As a result, I gradually invaded your world, or at least a forsaken part of it. This wasn’t the kind of invasion frequently told in your speculative fiction. I didn’t come to extinguish your kind or seize your resources, or to embody the metaphors of your genocidal colonialism. We share the same nitrogenous bases, sprouting swiftly wherever life’s fundamental components are abundant, yet we don’t even share the same ecological niche.

I lie beneath your soles, entangled with the life you avert your attention from, a presence you perceive as merely a distant murmur within the symphony of the world.

I was born into the void, on the way to realms unknown. To survive, I scattered my spores in search of warm, verdant worlds to inhabit. And now, among the roots, I have unearthed a haven and a place to call home.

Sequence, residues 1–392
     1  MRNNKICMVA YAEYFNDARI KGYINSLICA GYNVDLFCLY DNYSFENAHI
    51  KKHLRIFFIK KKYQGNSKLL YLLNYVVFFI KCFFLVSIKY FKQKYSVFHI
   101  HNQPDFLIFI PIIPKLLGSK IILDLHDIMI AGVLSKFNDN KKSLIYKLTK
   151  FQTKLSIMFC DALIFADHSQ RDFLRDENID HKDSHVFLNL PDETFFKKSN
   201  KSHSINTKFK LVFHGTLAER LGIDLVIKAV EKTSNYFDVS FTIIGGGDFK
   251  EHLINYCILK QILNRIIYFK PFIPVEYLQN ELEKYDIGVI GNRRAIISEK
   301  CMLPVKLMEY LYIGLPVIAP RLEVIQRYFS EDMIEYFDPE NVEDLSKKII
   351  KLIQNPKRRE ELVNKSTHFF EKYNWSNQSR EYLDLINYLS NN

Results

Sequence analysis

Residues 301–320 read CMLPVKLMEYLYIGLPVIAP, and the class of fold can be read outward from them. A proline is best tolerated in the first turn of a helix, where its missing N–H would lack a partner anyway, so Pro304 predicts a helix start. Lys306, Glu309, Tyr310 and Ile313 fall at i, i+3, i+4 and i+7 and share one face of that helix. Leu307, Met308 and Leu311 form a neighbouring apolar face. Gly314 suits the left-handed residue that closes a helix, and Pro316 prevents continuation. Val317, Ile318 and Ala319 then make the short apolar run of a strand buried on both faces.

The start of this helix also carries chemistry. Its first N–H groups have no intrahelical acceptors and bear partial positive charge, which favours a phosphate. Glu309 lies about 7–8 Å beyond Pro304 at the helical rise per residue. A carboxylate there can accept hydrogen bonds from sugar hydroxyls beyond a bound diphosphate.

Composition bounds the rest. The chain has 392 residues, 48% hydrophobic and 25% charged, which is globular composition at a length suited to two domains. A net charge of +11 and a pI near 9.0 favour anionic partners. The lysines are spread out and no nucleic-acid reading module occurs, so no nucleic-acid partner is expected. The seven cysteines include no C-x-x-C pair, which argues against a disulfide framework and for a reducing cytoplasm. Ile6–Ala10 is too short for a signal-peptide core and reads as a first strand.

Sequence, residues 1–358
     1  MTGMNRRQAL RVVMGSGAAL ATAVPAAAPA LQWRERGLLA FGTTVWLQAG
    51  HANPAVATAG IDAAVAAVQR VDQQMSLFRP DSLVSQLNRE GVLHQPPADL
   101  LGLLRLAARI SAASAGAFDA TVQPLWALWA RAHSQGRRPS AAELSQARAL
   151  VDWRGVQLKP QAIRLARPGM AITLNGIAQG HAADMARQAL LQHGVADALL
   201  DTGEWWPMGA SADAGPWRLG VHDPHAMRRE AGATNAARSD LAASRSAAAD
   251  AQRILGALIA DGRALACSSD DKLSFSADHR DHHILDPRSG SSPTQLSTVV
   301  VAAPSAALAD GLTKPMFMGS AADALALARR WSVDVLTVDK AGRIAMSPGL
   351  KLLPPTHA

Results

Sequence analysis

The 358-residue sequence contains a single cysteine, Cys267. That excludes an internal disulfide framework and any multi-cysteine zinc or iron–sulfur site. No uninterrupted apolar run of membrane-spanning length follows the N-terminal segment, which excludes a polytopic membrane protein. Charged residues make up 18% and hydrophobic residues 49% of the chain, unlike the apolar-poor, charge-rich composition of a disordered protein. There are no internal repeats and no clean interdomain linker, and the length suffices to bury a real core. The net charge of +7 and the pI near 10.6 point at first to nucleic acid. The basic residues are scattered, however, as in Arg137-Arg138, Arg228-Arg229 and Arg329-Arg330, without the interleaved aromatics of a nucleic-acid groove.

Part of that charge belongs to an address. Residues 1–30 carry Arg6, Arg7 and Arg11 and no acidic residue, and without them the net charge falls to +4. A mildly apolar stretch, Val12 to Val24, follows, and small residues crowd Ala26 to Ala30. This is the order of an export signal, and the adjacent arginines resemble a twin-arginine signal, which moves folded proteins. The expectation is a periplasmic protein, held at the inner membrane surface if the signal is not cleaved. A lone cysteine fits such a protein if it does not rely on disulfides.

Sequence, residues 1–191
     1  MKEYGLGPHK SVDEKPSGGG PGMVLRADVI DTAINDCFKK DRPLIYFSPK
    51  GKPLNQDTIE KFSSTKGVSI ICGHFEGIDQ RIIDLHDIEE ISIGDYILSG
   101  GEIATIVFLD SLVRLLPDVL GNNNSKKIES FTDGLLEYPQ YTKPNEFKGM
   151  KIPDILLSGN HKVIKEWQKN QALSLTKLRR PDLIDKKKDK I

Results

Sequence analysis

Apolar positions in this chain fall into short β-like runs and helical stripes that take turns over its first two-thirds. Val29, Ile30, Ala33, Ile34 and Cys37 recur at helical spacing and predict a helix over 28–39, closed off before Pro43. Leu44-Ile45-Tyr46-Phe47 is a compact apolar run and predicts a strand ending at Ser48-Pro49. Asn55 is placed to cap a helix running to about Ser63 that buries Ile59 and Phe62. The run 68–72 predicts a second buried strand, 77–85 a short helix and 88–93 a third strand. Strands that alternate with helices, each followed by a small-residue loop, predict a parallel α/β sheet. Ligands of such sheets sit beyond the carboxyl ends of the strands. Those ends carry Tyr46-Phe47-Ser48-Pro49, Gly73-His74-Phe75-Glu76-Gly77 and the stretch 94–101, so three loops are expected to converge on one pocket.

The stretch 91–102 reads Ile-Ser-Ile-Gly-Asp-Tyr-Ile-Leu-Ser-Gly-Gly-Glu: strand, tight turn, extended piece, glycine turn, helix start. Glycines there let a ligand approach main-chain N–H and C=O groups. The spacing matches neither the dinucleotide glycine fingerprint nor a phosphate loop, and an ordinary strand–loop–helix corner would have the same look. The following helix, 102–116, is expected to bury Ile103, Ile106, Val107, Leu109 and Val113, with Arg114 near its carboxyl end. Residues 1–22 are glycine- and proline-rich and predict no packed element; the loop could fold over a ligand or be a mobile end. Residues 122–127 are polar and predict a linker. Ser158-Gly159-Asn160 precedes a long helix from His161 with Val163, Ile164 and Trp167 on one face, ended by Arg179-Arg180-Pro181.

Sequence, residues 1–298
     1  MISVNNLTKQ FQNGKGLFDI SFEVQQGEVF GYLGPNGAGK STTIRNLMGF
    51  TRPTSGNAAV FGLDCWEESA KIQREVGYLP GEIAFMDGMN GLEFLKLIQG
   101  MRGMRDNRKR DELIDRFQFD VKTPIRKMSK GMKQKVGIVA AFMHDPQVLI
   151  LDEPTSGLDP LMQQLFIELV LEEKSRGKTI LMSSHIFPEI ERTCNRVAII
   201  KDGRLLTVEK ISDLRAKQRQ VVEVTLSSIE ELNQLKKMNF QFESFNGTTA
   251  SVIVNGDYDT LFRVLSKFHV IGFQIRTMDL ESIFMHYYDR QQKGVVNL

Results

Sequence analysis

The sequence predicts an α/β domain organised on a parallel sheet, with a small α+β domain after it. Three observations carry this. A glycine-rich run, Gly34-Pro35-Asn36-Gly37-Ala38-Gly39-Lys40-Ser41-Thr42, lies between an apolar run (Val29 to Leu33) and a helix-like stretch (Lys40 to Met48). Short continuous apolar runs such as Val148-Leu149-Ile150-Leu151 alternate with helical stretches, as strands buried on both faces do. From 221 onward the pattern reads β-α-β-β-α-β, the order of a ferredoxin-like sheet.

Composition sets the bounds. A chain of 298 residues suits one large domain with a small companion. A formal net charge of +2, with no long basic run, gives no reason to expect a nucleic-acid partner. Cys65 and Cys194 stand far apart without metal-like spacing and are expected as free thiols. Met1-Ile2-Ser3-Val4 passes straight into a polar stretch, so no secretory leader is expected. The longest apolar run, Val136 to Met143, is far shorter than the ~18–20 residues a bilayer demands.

I took care not to disrupt the life that had flourished here long before my arrival. I came across organisms similar to myself, protists weaving a delicate yet vast network beneath the earth that interconnects everything that springs from it, all that takes root. They welcomed me warmly as they saw our goals aligned, and I embraced their way of life.

In the years following my arrival, I’ve extended across a volume a hundred times larger than that of the tree roots, becoming a part of the mycorrhizal network that nourishes the plants you rely upon, unveiling the most efficient nutrient transport routes.

Above the soil, you witnessed vast regions, once deforested, spring back to life, reawakened in verdant rebirth; the visible sections of my body blanketing the withering trunks and tree roots like a golden mantle.